Like many cities around the world, Hanoi has entered a new era of expansion to accommodate a rapidly increasing urban population. Under the recently approved master plan, local and regional authorities have programmed ambitious initiatives for the environmentally sustainable expansion of the metropolitan area by 2030 through the development of new road networks, new rail links, an expanded city core, five satellite urban areas and three eco-townships.
This urban growth will lead to an increased demand for natural resources, such as construction materials and groundwater. Construction materials (e.g. crushed rock and sand) are generally traded locally as high-volume and low-value products. Without an adequate understanding of the flow of these materials, from source to point of consumption, it is difficult to both plan for adequate supply and control planning for mineral extraction.
The BGS and the General Department of Geology and Minerals of Vietnam (GDGMV) have used publicly available data for a preliminary analysis and accompanying factsheet of material supply and demand in Hanoi up to 2030 for several commodities important for the construction sector. Results indicate increases in requirements ranging from a twofold increase in cement and sand to a fivefold increase in steel by 2030, based on 2016 consumption levels (Figure 1).
The close geographical link between the (past and future) demand for building materials in urban areas and the material supply in the hinterland leads to substantial land cover changes. Using satellite imagery we have observed, over the past 45 years, an increase in artificial surfaces from about 320 km2 to almost 700 km2 (Figure 2).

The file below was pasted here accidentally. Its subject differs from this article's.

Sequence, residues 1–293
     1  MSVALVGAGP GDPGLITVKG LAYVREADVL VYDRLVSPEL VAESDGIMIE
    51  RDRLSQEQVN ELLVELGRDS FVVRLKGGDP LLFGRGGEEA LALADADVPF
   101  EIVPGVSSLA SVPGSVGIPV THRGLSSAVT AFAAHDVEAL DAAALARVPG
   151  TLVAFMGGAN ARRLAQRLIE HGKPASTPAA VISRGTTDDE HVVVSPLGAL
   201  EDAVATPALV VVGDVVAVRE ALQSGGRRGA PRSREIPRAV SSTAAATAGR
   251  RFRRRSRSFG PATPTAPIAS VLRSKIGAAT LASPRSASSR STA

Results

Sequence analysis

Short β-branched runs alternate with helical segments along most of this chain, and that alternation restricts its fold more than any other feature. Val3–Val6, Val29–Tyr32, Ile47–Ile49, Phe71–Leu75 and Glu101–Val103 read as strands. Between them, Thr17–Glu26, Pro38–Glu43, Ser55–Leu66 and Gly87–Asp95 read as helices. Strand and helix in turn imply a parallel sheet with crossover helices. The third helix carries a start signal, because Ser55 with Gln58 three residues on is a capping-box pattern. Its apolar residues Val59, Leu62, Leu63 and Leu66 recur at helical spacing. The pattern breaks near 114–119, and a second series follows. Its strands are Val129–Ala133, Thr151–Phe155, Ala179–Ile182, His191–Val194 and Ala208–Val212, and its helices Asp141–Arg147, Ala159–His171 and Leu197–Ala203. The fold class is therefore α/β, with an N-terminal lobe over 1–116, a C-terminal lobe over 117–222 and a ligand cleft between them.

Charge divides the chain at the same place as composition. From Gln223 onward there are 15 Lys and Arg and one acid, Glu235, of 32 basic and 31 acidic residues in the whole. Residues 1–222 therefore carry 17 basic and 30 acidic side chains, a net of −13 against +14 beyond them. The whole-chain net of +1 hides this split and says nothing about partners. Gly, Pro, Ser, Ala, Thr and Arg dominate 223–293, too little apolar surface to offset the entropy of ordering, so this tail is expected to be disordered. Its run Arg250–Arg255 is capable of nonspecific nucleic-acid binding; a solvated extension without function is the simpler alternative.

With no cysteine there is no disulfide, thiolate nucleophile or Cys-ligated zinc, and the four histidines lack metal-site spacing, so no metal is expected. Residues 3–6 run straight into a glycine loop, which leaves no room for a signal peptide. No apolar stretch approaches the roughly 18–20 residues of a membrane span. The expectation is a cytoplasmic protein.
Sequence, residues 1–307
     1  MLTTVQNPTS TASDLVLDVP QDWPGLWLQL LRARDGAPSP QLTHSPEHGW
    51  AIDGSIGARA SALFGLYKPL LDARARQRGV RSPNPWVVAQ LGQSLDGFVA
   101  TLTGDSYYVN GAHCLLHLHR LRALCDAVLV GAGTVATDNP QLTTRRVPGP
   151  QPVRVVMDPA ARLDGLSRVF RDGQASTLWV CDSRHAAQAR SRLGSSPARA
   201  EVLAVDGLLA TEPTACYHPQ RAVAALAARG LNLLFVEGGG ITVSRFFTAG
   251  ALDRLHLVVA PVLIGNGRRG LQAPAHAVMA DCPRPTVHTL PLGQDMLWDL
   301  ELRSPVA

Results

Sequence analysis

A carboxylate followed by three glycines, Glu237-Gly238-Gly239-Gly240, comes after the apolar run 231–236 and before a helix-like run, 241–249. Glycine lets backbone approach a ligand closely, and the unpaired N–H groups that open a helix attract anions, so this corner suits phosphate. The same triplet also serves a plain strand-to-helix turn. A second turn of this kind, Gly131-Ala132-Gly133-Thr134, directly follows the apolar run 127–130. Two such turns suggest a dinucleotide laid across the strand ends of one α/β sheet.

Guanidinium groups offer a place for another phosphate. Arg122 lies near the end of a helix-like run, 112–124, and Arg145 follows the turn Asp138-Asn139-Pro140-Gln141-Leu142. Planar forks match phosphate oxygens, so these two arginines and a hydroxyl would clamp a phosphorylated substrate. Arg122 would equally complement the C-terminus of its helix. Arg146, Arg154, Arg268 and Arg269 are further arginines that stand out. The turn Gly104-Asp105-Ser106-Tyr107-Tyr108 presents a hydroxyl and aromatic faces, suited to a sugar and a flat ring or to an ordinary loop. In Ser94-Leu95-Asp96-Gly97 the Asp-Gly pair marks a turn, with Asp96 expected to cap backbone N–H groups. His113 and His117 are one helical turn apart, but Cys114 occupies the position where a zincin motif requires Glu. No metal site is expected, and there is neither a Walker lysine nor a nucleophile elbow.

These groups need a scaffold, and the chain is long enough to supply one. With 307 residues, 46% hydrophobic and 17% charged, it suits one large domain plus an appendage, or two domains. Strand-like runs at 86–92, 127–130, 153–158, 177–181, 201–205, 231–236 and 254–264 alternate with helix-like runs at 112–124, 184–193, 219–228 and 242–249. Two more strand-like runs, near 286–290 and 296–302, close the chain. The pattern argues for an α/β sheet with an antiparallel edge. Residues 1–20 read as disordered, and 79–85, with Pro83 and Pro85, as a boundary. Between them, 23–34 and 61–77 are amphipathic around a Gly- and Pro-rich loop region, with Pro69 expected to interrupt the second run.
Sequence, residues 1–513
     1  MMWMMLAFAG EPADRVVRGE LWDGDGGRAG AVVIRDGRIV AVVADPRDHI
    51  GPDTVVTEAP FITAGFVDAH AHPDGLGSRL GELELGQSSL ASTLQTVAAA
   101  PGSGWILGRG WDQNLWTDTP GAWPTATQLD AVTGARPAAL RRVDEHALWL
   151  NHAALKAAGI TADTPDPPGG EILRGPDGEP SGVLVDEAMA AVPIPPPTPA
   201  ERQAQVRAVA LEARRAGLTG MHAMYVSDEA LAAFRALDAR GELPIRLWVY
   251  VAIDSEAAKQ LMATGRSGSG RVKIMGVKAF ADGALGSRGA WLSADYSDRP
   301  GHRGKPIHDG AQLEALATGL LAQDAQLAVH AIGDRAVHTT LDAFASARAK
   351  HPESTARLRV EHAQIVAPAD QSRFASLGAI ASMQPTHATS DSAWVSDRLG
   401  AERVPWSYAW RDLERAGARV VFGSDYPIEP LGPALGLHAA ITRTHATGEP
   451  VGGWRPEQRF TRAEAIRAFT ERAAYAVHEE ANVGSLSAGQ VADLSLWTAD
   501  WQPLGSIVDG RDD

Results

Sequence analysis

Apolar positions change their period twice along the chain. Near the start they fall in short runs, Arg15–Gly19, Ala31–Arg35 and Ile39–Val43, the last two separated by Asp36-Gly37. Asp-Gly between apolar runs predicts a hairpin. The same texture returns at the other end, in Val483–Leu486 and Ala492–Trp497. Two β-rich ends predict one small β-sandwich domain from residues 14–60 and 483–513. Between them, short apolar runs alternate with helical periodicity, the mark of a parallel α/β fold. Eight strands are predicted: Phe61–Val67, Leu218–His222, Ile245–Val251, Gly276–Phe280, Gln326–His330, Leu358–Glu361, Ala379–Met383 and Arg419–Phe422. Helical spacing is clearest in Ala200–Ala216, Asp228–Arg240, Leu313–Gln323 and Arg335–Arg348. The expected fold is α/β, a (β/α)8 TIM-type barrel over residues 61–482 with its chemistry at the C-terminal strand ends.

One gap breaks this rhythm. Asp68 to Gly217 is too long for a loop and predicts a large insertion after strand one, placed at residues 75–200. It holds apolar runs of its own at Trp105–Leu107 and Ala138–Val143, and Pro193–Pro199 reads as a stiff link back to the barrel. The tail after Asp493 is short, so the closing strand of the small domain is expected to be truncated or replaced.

The urban development led by population increase is also highlighting another common issue in Asian metropolises: subsidence. This is the result of a combination of geological factors such as the occurrence of soft sediments and the drawdown of groundwater levels in the local aquifer due to the higher water demands for domestic and commercial uses.
Using the interferometric synthetic aperture radar (InSAR) technique for processing spaceborne radar data (Sentinel-1), we have identified areas that are subsiding by as much as 5 cm/yr over the period 2016–2019 (Figure 3).
The BGS and GDGMV are using the ground motion data in combination with local geology and groundwater data to develop a subsidence vulnerability map for central Hanoi.
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Resilience of Asian cities
Our research aims to improve city resilience by integrating geology into urban subsurface planning and urban-catchment science in India and south-east Asia